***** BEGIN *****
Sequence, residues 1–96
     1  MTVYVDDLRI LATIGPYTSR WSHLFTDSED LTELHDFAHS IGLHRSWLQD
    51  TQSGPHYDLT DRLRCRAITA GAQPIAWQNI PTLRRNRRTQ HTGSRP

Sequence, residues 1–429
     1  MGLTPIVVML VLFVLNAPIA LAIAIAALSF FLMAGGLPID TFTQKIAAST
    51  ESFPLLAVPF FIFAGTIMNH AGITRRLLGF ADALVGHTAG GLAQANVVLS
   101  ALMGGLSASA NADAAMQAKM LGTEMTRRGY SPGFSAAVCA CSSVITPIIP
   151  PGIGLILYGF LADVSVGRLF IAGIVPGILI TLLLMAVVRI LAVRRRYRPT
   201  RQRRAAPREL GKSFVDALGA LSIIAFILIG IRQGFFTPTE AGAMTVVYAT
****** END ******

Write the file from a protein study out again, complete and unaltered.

Sequence, residues 1–96
     1  MTVYVDDLRI LATIGPYTSR WSHLFTDSED LTELHDFAHS IGLHRSWLQD
    51  TQSGPHYDLT DRLRCRAITA GAQPIAWQNI PTLRRNRRTQ HTGSRP

Sequence, residues 1–429
     1  MGLTPIVVML VLFVLNAPIA LAIAIAALSF FLMAGGLPID TFTQKIAAST
    51  ESFPLLAVPF FIFAGTIMNH AGITRRLLGF ADALVGHTAG GLAQANVVLS
   101  ALMGGLSASA NADAAMQAKM LGTEMTRRGY SPGFSAAVCA CSSVITPIIP
   151  PGIGLILYGF LADVSVGRLF IAGIVPGILI TLLLMAVVRI LAVRRRYRPT
   201  RQRRAAPREL GKSFVDALGA LSIIAFILIG IRQGFFTPTE AGAMTVVYAT